Indian tur dal is currently being sold at Rs 200 to Rs 210 per kilo

As tur-dal prices soar African adusa dal enters Karnataka marketBy Miansari66 (Own work) [Public domain], via Wikimedia Commons
news Thursday, October 22, 2015 - 09:05

In a relief to people in tier two cities in Karnataka where tur dal prices are soaring,  an African cereal called ‘adusa dal’, which is the closest to tur dal has become a welcome substitute.

Times of India reports that adusa dal is being imported from Africa to Hubballi- Dharwad, Mangaluru and Udupi over the past few days at a cheaper rate than the Indian variety. Traders claim to have imported more than 100 tonnes of adusa dal in the last three days.

A kilogram of the African variety is sold at Rs 50 less than Indian tur dal, that is currently being sold at Rs 200 to Rs 210 per kilo, as per media reports. Ramesh Bafna, a wholesale dealer of pulses, told TOI that adusa dal comes to Hubbali from  Maharashtra and Gujarat

On the hoarding of tur dal, Dinesh Gundurao, food and civil supplies minister told TOI that 4800 quintals of pulses worth Rs 6 crore from across the state has been seized.

However, the imported variety was not welcome everywhere in the state. Kalaburgi and other north Karnataka districts did not find a lot of takers as adusa dal is it takes longer time to boil than Indian tur dal.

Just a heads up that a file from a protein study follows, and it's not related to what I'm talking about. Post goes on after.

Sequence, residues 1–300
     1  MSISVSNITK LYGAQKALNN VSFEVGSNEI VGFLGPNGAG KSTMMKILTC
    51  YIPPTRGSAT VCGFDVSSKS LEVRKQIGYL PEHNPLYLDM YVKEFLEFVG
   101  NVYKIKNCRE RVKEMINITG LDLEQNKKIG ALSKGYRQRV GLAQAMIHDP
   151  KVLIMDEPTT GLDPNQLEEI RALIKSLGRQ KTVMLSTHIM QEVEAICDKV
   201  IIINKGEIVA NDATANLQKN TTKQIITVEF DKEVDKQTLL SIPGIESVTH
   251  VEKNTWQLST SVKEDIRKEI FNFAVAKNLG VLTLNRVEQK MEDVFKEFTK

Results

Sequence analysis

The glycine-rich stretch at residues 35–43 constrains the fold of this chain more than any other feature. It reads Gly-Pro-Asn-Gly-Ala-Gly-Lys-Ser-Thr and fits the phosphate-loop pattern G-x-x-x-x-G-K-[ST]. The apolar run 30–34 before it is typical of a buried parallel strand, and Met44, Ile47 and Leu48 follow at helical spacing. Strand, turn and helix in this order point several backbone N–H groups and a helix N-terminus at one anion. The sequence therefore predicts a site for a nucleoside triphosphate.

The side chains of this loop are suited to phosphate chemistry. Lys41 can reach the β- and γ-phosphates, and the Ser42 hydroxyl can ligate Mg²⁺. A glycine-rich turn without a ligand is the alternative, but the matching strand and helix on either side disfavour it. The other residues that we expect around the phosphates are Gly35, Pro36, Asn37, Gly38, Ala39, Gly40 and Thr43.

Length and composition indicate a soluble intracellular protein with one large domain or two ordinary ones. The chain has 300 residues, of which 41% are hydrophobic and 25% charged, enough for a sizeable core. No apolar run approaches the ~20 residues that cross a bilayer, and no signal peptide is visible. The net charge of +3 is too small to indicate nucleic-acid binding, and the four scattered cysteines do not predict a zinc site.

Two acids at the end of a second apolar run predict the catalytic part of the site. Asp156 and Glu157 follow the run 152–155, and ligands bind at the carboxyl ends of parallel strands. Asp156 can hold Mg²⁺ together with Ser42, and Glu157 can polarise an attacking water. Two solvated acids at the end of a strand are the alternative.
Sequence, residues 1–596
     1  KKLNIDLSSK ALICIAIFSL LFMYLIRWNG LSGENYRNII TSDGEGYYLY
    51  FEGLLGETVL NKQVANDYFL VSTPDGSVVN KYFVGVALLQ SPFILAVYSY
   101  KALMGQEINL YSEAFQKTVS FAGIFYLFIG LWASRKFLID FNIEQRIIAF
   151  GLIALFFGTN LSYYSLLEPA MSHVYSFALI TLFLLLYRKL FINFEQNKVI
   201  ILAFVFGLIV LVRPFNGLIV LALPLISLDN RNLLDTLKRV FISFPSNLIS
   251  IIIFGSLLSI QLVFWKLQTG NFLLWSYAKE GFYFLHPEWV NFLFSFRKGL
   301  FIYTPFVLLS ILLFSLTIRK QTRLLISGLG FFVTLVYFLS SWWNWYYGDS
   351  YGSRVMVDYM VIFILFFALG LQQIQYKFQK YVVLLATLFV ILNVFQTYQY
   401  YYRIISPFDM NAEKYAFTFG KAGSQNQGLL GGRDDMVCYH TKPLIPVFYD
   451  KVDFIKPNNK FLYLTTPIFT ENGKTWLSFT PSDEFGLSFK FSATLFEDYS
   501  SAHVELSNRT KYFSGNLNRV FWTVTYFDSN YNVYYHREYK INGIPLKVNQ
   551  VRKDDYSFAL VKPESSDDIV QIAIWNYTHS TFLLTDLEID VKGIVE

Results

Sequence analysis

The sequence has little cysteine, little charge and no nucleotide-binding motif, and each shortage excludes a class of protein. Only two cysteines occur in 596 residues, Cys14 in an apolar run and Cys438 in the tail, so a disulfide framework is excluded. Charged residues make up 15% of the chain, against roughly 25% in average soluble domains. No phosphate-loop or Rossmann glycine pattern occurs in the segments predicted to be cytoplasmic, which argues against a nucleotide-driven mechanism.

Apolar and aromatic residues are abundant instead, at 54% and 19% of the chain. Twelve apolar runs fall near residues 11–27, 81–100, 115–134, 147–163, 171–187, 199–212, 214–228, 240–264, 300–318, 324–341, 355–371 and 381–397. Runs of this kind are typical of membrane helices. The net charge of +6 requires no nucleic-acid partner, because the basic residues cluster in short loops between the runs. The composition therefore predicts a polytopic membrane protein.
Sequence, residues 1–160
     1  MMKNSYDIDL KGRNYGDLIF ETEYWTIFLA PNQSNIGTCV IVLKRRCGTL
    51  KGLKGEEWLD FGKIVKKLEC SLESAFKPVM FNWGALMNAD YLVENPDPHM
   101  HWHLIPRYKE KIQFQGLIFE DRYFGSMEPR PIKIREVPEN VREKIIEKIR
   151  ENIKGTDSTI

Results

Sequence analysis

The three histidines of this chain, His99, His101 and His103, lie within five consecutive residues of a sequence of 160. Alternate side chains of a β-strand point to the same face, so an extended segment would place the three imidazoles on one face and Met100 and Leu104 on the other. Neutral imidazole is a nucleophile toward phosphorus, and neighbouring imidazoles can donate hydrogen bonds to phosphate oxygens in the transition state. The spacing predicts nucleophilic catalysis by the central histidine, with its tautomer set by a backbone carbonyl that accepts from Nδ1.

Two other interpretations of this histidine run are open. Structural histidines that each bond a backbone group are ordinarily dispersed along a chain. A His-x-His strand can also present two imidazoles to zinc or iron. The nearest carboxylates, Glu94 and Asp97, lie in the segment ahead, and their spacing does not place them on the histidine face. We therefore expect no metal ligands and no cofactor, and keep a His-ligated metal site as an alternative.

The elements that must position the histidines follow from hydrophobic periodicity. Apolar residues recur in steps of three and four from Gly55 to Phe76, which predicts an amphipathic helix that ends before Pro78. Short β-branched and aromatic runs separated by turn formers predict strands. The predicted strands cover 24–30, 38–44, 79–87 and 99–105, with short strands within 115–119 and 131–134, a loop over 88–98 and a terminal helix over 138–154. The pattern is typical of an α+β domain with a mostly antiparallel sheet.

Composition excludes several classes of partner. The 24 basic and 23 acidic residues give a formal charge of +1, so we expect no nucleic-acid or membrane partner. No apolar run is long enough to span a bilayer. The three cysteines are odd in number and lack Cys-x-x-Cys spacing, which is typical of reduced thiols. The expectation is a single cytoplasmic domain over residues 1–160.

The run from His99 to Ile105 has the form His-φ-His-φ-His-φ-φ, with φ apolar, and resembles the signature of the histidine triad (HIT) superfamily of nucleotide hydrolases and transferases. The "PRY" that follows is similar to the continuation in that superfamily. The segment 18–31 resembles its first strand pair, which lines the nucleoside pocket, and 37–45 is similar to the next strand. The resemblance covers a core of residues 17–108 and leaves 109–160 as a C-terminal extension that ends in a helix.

Keval Patel, a wholesale dealer and food grain merchant, told TOI hoteliers hesitate to use the imported variety. Instead they have substituted tur dal with masoor dal which gives the same taste and quality.

“It is only purchased by middle class families who seek to cut down on their monthly expenses,” he said.

The newspaper said that this is not the first time that an imported food item is entering Karnataka markets. Earlier, onions from China and Egypt were imported.  Price rise of cereals is primarily due to drought in Kalaburgi, Bagalkot, Vijayapura and Bidar districts where pulses are grown.

Times of India quoted Dinesh saying, “While the MMTC southern regional stocks centre is in Chennai, our de-husking centres are in Kalaburgi and other North Karnataka districts. This means we have to transport the pulses to Kalaburgi and from there distribute it to other parts of Karnataka. The costs would add to roughly the same amount as it is currently priced. It does not make any sense at this point of time.”

This is an aggregated report from Times of India

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